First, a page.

# On free variables in processspecications,

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```					 On free variables in process speciﬁcations, LPSs
and PBESs
Jan Friso Groote
March 2, 2009

In process speciﬁcations and in parameterised boolean equation systems (PBESs),
it is possible to use free variables. An example is the following:
act      a;
glob     x : N;
proc     P = a(x).P ;
init     P;
This represents a whole class of processes, namely for every value of x this
process has a diﬀerent value. The keyword glob stands for global variable1 . In
each speciﬁcation the keyword glob can be used once any arbitrary of times.
The scope of the variables mentioned in a glob declaration is the global ﬁle.
All glob declarations are grouped together. The names of the variables cannot
coincide with other declared functions, processes, actions, variables (both in
equations and in sum operators) and process and PBES parameters. Global
variables can occur in process equations, in parameterised ﬁxed point formulas
and in init sections.
Such global variables can be used in the common mathematical way. Con-
sider for instance the polynomial:

ax2 + bx + c = 0.

There are four variables in this equation, namely a, b, c and x. The use of the
variables a, b and c allow to study this polynomial in a far more general setting
than when these variables would have concrete values.
In some cases, the concrete values for global variables do not have inﬂuence
on the process. In such a case instantiating the global variables to various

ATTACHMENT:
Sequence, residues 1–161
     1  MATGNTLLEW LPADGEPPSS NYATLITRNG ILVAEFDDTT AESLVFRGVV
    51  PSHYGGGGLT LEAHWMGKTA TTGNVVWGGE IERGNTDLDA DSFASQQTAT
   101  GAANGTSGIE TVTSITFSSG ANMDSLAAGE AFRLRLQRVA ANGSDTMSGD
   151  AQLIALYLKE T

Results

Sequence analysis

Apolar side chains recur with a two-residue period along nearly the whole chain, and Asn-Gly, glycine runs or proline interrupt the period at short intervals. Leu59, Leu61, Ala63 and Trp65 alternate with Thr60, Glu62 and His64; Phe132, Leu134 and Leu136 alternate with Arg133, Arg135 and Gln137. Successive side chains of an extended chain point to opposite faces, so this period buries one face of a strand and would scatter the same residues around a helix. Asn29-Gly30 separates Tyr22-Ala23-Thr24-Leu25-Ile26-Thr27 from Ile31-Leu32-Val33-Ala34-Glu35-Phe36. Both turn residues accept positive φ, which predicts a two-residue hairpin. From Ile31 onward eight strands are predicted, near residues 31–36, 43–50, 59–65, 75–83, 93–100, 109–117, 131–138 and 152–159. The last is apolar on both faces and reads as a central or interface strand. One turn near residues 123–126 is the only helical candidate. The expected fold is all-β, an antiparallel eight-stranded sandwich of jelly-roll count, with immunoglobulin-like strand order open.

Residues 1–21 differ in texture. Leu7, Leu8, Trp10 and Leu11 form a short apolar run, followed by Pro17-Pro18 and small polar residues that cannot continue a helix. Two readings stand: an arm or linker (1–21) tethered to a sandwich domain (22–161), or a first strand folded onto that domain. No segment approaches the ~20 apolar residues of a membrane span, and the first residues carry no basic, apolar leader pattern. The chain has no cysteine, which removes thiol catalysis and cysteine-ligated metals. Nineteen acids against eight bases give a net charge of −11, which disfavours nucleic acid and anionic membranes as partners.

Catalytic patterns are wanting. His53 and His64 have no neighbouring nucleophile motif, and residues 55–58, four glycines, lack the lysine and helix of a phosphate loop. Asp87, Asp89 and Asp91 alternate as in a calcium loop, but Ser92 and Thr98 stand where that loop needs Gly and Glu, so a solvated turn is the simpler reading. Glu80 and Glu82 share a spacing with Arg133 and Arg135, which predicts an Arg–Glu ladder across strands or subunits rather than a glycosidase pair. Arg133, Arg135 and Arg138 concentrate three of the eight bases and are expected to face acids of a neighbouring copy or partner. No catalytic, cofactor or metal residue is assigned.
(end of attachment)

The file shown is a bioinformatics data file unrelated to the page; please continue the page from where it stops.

concrete values will mean that the process has the same behaviour modulo
strong bisimulation, or the same solution as a parameterised boolean equation
system. In this case we call the process or PBES global variable insensitive. An
example is the following linearisation of the buﬀer
1 The keyword glob was not used up till now. Currently, lpspp prints the keyword var but

this is confusing, as var in equations has a diﬀerent use and meaning. It is however important
that the keyword is short. freevar is too long.

1
sort    D;
glob    dummy 1 , dummy 2 : D;
proc    P (b : B, d:D) = e:D b → read (e)·P (false, e) + ¬b → send (d)·P (true, dummy 1 );
init    P (true, dummy 2 );
The idea is that if the parameter b is true, the value of the second parameter
is not relevant anymore. Therefore, it can be set to any arbitrary value, which
is indicated by the use of dummy 1 and dummy 2 . As this speciﬁcation is global
variable insensitive, concrete values can be chosen for these global variables
when this would be fruitful.
The tool mcrl22lps generates linear processes with global variables. It
guarantees that the resulting speciﬁcation is global variable insensitive. Cer-
tain transformation tools, like lpsconstelm and lps2pbes yield global variable
insensitive output, provided the input in global variable insensitive. In case sys-
tems are not global variable insensitive the output of these tools can be garbage.
It is the responsibility of those who apply the tools that the tools are used in a
proper way. It is likely that most tools leave global variables untouched, unless
a switch indicates that global variable insensitivity can be used.

2

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